• never met anyone who gained any insight into emptiness at direct
  • introduction. Plenty who recognized rigpa kechigma though.
  • I
  • don’t presume to know better than luminaries like Longchenpa and Khenpo
  • Ngachung who state emptiness isn’t actually known until third vision
  • and so on. You may presume otherwise and in that case we can agree to
  • disagree."
  • - Kyle Dixon https://www.reddit.com/.../how_exactly_does_one_realize.../
  • - http://www.awakeningtoreality.com/.../the-degrees-of...
  • reddit.com: page not found
  • reddit.com: page not found
    •  · 
    • Reply
    •  · 
    • Remove Preview
    •  · 3m
Malcolm, 2015:

Acarya Malcolm, 2015:

"If one has received direct introduction, it is possible that you may understand something more clearly with such a text, but since direct introduction works with experiences, there is no way one can substitute this conceptual understanding for working with the transmission by means of working with various experiences until one discovers the basis, aka primordial state, for oneself and has stabilizes that knowledge [rig pa].

The reason? Direct introduction works with experiences to show what the foundation that lies below experiences, thoughts and concepts, i.e. the mind essence. This is extremely subtle and cannot be discovered merely through reading books, no matter how holy or profound. The error, quite frankly, is mistaking the fact that we are aware with that awareness being the mind essence itself. The awareness that we experience moment to moment is quite coarse, and is dominated by our "energy," our rlung or vāyu. The mind essence is much more subtle than any awareness we can experience.

Direct introduction, received from a master who knows what it is he is introducing, is indispensable — it sets up the foundation for our later discovery of our own state even if at the time the experience was too subtle for us to register it clearly. Anytime anyone participates in a direct introduction with a realized master in a whole hearted openly collaborative way [rather than passively expecting something to happen], they will in fact experience that moment of knowledge [rig pa] the master intends to introduce. Even if they do not "grasp" it at the time, they will have that experience to carry with them. In the beginning, our concepts are very strong, and our ability to see the mind essence is very weak. Therefore, our moment of rig pa we experience in the direct introduction is something like a small branch caught up in a torrent of a river of concepts — it is very easily swept away. But if we are patient, and we are diligent, we can again have that experience of the mind essence, upon which all future practice depends. Why? Because it was introduced and we had it once. There is nothing at all mystical about the process, it is straightforward and nonmagical.

The process of reading is too conceptual, the mind involved is too coarse, and therefore, it is impossible that we can experience the mind essence from reading a text. However, if we have experienced the mind essence reading books such as the Chos dbying mdzod and so on can reinforce our confidence which we can bring to our practice.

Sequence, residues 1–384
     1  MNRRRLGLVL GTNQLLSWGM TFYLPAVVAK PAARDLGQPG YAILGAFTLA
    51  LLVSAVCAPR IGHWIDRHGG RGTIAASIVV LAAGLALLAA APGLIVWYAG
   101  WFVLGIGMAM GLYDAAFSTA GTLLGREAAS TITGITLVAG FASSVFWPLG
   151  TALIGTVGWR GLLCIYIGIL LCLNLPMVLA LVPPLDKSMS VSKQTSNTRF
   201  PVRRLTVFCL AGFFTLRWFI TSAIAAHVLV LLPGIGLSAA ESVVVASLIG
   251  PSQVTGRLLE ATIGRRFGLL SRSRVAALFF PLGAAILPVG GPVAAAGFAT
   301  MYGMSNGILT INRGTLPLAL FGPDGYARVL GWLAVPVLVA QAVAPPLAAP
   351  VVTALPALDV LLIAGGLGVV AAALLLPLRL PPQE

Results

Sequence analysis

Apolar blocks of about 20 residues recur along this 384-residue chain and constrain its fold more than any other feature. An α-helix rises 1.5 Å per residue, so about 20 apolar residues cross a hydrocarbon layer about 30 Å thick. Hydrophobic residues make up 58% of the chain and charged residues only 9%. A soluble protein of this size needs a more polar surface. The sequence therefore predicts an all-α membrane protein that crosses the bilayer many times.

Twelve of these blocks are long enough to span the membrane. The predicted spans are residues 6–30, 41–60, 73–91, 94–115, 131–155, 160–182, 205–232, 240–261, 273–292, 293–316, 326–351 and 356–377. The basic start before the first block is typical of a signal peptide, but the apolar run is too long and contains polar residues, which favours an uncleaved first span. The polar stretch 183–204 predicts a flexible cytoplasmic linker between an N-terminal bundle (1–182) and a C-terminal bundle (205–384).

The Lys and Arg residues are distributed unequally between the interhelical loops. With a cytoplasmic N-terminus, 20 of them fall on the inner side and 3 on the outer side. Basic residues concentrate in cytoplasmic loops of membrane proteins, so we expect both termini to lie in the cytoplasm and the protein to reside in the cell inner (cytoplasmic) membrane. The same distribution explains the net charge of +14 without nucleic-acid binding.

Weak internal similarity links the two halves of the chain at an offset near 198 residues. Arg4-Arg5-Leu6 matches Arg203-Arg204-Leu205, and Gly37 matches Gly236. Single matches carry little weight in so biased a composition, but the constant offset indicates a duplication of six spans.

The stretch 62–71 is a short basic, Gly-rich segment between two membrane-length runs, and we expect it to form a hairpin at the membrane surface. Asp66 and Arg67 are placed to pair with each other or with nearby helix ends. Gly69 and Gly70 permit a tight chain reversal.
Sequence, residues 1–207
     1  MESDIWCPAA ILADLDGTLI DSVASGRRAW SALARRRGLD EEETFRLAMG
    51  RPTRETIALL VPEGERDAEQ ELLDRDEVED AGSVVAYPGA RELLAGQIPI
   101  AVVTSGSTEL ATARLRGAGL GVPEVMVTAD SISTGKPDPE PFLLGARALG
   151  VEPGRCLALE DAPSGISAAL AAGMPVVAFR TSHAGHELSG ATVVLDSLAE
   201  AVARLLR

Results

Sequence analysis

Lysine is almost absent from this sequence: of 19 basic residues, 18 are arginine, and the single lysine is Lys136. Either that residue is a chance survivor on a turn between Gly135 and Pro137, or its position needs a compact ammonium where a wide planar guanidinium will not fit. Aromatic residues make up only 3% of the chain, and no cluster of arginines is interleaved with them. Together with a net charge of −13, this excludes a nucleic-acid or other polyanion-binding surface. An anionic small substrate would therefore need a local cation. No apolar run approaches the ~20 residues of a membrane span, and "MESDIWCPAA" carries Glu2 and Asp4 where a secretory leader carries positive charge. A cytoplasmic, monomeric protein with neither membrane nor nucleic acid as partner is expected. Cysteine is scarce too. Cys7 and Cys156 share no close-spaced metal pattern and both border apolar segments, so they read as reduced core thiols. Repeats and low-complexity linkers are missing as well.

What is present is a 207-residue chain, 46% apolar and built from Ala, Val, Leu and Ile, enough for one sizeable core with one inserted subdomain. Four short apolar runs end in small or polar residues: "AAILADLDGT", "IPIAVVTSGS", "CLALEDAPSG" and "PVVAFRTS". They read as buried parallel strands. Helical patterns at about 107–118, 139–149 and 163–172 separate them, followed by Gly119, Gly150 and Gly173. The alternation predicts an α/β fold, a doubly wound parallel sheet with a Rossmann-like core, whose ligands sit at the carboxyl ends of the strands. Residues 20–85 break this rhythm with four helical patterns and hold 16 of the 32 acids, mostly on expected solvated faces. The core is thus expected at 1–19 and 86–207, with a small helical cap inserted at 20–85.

In order to experience the mind essence we have to cut through coarse concepts with various methods to re-experience the mind essence that we were exposed to during the introduction. This is why we have practices such as rushen and semszin, and supremely, Song of the Vajra."

Labels: Anatta, Books and Websites Recommendations, Dzogchen, Emptiness, Longchenpa
shargrol, modified 2 Months ago.

RE: Longchenpa and Dzogchen is Anti Foundationalist

Posts: 1686 Join Date: 2/8/16 Recent Posts
I'm really enjoying these posts and I look forward to following all the links. Thanks for sharing!
Stefan Stefan, modified 2 Months ago.

RE: Longchenpa and Dzogchen is Anti Foundationalist

Posts: 238 Join Date: 3/28/21 Recent Posts
no self and true self are two sides of the same coin that never lands
Soh Wei Yu, modified 2 Months ago.

RE: Longchenpa and Dzogchen is Anti Foundationalist

Posts: 58 Join Date: 2/13/21 Recent Posts
Stefan Stefan
no self and true self are two sides of the same coin that never lands

It has been my experience that without having thorough insights like http://www.awakeningtoreality.com/2007/03/thusnesss-six-stages-of-experience.html , making a landing ground would be inevitable
George S, modified 2 Months ago.

RE: Longchenpa and Dzogchen is Anti Foundationalist

Posts: 2197 Join Date: 2/26/19 Recent Posts
Stefan Stefan
no self and true self are two sides of the same coin that never lands

If I were to say that the true self is no(t) self, would that be like the coin landing on its edge?
Stefan Stefan, modified 2 Months ago.

RE: Longchenpa and Dzogchen is Anti Foundationalist

Posts: 238 Join Date: 3/28/21 Recent Posts
Thank you Soh Wei, your blog has helped me immensely, it is of great benefit to whoever reads it.

​​​​​​​George, you sly so and so ;) I think you know what the answer is 
Noah D, modified 2 Months ago.

RE: Longchenpa and Dzogchen is Anti Foundationalist

Posts: 1171 Join Date: 9/1/16 Recent Posts
Thank you for sharing . Very clear _/\_